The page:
Of these five, only "Up in the Air" landed a directing nod. And "Up in the Air" earned four other key Oscar nominations -- actor, supporting actress (2) and adapted screenplay. However, even surprise best picture winners like "Gladiator" (2000), "Shakespeare in Love" (1998), "Chariots of Fire" (1981), "The Greatest Show on Earth" (1952), "An American in Paris" (1951), and "Rebecca" (1940) had nominations in both directing and editing.

The first film to win best picture without even a nod for editing was "It Happened One Night." That screwball comedy swept the major categories in 1934 while "Eskimo" won the first Oscar for film editing. 1934 marked the first year that Oscar voters chose from 12 best picture nominees. The previous year -- when "Calvacade" won -- there had been 10 nominees while the year before that -- when "Grand Hotel" prevailed -- there had been 8 films in the running. For years two to four of the Oscars, five films had contended while the first year had just three best picture nominees.

In 1935, a dozen films were also in the running when "Mutiny on the Bounty" prevailed in the top race; the high seas adventure was also in contention for best editing, losing to "A Midsummer Night's Dream."  The best picture race was then pared down to 10 from 1936 to 1943. In those eight years, all the best picture champs -- with the exception of "The Life of Emile Zola" in 1937 -- had at least an editing nomination. Only 1939 best picture winner "Gone With the Wind" also won the editing race.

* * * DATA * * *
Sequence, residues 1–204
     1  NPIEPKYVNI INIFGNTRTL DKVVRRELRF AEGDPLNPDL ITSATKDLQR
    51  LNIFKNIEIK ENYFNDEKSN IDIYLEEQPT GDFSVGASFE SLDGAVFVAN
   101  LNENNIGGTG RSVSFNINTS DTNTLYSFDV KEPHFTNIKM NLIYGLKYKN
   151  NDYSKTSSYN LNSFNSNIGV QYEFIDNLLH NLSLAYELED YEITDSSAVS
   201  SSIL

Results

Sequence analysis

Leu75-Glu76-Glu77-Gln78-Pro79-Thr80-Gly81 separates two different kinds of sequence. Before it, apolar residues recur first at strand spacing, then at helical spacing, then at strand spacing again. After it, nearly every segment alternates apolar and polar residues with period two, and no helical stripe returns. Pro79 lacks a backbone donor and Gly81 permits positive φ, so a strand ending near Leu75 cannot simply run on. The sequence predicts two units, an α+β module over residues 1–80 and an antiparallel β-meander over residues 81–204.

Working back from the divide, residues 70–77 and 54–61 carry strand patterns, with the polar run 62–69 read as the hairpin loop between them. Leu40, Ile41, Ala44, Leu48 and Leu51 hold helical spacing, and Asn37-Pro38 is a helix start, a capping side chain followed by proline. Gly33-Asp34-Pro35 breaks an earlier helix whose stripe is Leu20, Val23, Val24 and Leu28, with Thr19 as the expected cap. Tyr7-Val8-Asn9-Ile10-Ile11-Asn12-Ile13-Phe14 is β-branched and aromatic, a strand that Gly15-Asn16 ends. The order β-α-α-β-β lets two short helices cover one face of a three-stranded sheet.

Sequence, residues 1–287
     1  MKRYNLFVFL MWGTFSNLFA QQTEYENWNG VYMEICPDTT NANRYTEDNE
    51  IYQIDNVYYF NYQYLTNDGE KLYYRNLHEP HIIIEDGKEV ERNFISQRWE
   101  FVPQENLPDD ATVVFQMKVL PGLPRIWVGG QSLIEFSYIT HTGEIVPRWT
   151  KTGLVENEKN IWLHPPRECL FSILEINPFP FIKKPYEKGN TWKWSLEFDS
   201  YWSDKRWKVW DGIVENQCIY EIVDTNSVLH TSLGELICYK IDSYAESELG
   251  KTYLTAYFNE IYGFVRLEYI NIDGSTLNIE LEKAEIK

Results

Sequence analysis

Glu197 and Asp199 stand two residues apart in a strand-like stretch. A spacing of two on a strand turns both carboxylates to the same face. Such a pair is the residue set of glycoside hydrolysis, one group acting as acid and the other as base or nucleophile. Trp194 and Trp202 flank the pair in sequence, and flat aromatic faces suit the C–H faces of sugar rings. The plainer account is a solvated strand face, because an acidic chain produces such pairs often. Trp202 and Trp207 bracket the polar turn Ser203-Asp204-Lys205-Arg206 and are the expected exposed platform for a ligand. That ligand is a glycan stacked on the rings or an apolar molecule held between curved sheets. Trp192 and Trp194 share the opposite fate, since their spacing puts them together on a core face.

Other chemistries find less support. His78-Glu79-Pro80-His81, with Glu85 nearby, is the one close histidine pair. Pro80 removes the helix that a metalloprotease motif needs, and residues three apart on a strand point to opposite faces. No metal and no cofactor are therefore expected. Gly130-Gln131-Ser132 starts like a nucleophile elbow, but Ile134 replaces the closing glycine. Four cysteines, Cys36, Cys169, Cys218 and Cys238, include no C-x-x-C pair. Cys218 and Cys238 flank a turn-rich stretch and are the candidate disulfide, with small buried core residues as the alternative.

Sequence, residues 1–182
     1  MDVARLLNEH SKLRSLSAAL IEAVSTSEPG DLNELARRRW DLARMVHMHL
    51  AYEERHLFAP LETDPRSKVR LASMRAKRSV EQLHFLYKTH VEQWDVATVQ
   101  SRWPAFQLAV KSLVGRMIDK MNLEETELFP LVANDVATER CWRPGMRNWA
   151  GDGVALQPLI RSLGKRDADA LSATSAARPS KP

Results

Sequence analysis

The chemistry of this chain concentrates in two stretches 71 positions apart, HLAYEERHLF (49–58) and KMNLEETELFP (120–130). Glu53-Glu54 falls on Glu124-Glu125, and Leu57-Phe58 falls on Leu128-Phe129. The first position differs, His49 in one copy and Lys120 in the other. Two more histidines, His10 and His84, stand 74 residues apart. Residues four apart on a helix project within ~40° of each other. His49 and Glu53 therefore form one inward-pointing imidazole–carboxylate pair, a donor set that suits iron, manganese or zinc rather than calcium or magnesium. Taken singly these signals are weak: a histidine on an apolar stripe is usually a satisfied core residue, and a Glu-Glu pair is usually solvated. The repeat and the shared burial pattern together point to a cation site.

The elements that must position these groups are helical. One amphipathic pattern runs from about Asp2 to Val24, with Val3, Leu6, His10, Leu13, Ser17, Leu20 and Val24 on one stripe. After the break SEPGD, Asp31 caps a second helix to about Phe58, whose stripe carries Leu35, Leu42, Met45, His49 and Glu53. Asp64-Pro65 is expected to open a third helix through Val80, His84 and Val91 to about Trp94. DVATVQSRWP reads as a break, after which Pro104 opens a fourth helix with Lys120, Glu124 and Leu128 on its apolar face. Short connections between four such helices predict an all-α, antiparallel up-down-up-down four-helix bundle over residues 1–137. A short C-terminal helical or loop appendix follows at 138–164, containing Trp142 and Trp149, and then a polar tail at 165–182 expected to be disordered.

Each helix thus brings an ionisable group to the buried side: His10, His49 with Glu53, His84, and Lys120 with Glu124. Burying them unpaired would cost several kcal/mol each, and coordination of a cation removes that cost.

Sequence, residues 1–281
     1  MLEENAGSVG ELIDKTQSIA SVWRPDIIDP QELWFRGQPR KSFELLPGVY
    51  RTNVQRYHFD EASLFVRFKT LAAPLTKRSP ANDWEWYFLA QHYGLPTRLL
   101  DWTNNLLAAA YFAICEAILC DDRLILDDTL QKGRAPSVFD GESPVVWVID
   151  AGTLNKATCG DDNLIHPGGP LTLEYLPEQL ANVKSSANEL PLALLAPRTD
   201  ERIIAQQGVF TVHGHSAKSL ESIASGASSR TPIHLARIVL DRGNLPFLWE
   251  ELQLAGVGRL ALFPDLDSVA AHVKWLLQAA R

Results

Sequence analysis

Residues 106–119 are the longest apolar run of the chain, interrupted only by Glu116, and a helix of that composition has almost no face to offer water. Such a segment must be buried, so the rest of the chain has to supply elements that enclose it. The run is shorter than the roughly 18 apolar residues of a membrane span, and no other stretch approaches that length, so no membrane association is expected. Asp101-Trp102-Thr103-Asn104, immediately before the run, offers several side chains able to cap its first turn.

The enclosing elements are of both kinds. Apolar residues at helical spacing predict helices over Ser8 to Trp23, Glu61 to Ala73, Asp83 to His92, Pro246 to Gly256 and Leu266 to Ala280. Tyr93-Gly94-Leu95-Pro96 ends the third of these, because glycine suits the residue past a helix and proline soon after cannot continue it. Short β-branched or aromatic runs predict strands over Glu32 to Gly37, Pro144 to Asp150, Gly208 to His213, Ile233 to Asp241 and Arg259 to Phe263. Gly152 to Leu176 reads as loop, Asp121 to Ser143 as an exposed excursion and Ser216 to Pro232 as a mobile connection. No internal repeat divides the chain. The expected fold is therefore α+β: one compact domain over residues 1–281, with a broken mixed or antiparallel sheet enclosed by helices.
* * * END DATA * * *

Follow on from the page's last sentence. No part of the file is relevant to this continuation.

Since the best picture category went to five nominees in 1944, seven films have won the top Oscar without an editing nomination: "Hamlet" (1948), "Marty" (1955), "Tom Jones" (1963), "A Man for All Seasons" (1966), "The Godfather, Part II" (1974), "Annie Hall" (1977), and "Ordinary People" (1980).

Of the nine best picture winners that went without an editing nomination, seven won best director and the other two had nominated helmers. "Up in the Air" director Jason Reitman did make the final five at the Oscars as did the helmers of four of the five editing nominees; Neill Blomkamp ("District 9") missed out on a nod.

Continue reading »

Oscars welcome dozen first-time acting nominees, including Sandra Bullock

February 2, 2010 |  8:11 am
Sandra Bullock

This year's 20 acting nominees include five previous Oscar acting winners, another three previous Oscar contenders and 12 newcomers.

"Julie & Julia" star Meryl Streep is the only two-time Academy Award-winner contending this year. She widened the gap for the most total acting nominations by earning her 16th nod today. And she broke Katharine Hepburn's record of an even dozen Oscar nominations in the lead race, landing what she must hope will he her lucky 13th bid.

Streep's already staggering total of 15 previous bids exceeds the track record of the other four Oscar winners by four nominations. She has a supporting actress win for "Kramer vs. Kramer" (1979) and a lead actress win for "Sophie's Choice" (1982). She has 11 more lead actress noms for "The French Lieutenant's Woman" (1981), "Silkwood" (1983), "Out of Africa" (1985), "Ironweed" (1987), "A Cry in the Dark" (1988), "Postcards from the Edge" (1990), "The Bridges of Madison County" (1995), "One True Thing" (1998), "Music of the Heart" (1999), "The Devil Wears Prada" (2006) and "Doubt" (2008) as well as two supporting actress nods for "The Deer Hunter" (1978) and "Adaptation" (2002).